Tomatoes and cucumbers might not make it through all 9 time zones from Moscow to Vladivostok but you a kilo of veggies will last well for 2-3 days. In geographical terms it equals a distance from Moscow to Novosibirsk.

It’s recommended to buy local fruit rather than imported from far away. If you’re travelling in August or September, shop for fresh “Garden” (“Sadovoye”) apples, and be an apple king of the train. A kilo will cost you a price of 1 US dollar, and nothing can be sweeter than these apples. Those travelling off season, pay attention to fresh goods from former USSR countries, like Uzbekistan or Azerbaijan. 

Trans-Siberian railway tip №4: keep it authentic

A Trans-Siberian journey is the perfect chance to explore national Russian meals. Where else will you try such a variety of berries and berry jams? Cranberry, buckthorn and raspberry jams are a nice addition to your breakfast on a train. A spoonful of honey from a local honey bee farm will help you get asleep faster with the clickety-clack sound of train wheels. If you specifically want to visit a bee farm and check the beehives yourself, include a stopover in Maly Turysh village. The locals grannies will share their unique knowledge of bee products and invite you for a cup of herbal infusion tea with delicious honey cream.

Speaking of local sweets, another delicacy to try is cranberries in sugar powder. Older generations had these sweet sour beans instead of chocolate candies that were rarely available.

Kids will like gingerbreads from Tula with their tea. Sometimes gingerbreads have a fruit sauce filling or a condensed milk filling, they are very sweet. A classic gingerbread will have honey and spices in it, such as cinnamon, nutmeg and cardamom, without any ginger. Our team adore it for its rich warm scent which reminds of a sweet Christmas dream.
Finally, we recommend everyone to get some Russian toffies (“Iris”). They taste different than American toffies and have a very delicate structure. However, you want to be careful about toffies: those in individual wrappers ( “Iriski”) are very tough and sticky.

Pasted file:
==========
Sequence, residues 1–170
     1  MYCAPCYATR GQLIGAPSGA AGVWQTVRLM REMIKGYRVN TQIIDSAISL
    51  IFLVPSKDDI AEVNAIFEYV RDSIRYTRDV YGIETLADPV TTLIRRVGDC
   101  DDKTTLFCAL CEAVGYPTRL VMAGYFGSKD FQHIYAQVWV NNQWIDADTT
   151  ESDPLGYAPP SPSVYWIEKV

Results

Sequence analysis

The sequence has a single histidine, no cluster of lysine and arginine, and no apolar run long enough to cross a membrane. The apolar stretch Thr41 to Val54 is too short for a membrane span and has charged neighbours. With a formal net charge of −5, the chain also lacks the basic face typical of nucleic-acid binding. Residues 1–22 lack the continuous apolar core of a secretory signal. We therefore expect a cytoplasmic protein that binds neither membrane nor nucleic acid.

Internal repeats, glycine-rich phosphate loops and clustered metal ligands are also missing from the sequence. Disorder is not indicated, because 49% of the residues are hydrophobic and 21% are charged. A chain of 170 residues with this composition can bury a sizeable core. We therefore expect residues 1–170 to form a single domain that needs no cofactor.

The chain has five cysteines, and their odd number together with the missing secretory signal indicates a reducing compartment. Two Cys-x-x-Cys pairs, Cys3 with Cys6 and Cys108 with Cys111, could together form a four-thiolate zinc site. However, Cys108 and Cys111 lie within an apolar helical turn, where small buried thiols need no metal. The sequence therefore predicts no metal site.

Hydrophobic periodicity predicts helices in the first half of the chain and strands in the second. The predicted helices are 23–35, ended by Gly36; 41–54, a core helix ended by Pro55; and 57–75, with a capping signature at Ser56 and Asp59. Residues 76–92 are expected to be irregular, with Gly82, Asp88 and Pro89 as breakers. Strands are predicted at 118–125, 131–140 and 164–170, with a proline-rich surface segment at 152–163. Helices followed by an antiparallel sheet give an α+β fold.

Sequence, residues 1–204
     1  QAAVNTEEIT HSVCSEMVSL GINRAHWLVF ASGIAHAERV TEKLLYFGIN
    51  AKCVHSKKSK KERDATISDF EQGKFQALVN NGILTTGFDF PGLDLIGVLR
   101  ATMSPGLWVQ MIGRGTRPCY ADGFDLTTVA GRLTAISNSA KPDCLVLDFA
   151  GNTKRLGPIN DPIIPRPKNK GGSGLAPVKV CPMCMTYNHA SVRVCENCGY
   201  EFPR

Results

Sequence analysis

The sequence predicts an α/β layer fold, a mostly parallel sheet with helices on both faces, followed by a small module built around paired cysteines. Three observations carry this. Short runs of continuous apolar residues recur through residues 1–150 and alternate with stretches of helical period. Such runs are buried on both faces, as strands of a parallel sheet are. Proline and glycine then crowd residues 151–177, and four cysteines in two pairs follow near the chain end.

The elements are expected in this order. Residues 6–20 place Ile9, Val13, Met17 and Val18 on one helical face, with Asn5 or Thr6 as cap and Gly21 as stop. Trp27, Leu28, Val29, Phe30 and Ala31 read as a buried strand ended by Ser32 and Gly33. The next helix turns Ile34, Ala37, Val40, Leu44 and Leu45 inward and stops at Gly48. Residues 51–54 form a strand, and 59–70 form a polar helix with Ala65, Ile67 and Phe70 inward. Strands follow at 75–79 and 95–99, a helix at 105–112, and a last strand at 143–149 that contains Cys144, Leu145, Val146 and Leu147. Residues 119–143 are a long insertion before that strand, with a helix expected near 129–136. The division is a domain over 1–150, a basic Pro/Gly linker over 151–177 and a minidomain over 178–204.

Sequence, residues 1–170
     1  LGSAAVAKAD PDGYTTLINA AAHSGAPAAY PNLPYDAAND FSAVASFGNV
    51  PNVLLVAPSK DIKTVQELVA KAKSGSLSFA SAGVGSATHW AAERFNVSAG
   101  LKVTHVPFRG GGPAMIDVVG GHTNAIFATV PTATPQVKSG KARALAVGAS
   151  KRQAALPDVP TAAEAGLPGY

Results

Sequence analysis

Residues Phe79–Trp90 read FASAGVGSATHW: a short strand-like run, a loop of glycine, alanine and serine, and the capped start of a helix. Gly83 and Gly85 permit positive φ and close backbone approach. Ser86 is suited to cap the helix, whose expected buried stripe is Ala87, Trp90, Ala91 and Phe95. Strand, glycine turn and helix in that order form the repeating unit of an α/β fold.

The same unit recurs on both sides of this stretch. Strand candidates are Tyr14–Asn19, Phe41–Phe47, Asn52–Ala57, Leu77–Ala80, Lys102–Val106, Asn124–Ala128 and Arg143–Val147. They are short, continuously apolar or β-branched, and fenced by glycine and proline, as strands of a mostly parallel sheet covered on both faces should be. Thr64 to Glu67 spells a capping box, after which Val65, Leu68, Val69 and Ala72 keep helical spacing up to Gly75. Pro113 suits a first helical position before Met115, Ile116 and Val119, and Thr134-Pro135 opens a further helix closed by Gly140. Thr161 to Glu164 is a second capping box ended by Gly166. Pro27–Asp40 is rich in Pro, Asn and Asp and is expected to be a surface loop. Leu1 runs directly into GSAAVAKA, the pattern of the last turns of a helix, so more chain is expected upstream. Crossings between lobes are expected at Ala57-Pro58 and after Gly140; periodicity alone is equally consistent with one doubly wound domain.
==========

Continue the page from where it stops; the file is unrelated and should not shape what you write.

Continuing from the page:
Trans-Siberian railway tip №5: Buy all that food for the Trans-Siberian tour and feel like a Tsar! In Eliseevsky store.

Eliseevsky Store, some people compare it to the food hall at Harrods, is a grocery store in the center of Moscow. Frequently visited by tourists, who admire its luxurious interiors, and by Moscovites, searching for slightly overpriced delicacies. For shopping or not, Eliseevsky is a must-stop!
Eliseevsky Store was opened in 1901 by Grigory Eliseev, a millionaire from Saint Petersburg, who decided to astound the whole Moscow with his new business. Located on Tverskaya Street 14 in a beautiful building from the 18th century, it became famous for its luxurious interiors in Neo-Baroque style and an exclusive selection of products.

Offering from caviar to French truffles and exotic fruits, Eliseevsky stood out from the other food stores in Moscow.

Its golden ages passed when the communism came. Eliseevsky Store became “Gastronom no. 1”, assortment significantly shrank and well-known for its professionalism staff was replaced by Soviet style sales ladies.

Fortunately, after the fall of communism, Eliseevsky was restored in 2004 (using the original blueprints) and gained back its fame.

Although the competition of shops with fine selection of goods is quite high nowadays, Eliseevsky is still an extremely popular spot among tourists and locals. This is because it has really convenient location and a very unique decor.

Check the stunning chandeliers, huge decorated mirrors and beautifully carved columns. Buying even the simplest loaf of bread in such interiors is an unforgettable experience!

Don’t miss the chance to visit Eliseevsky when you are in Moscow before your legendary Trans-Siberian Train Tour starts.

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This text was written by our friend, a passionate traveller and a word buff Natalia Motorina.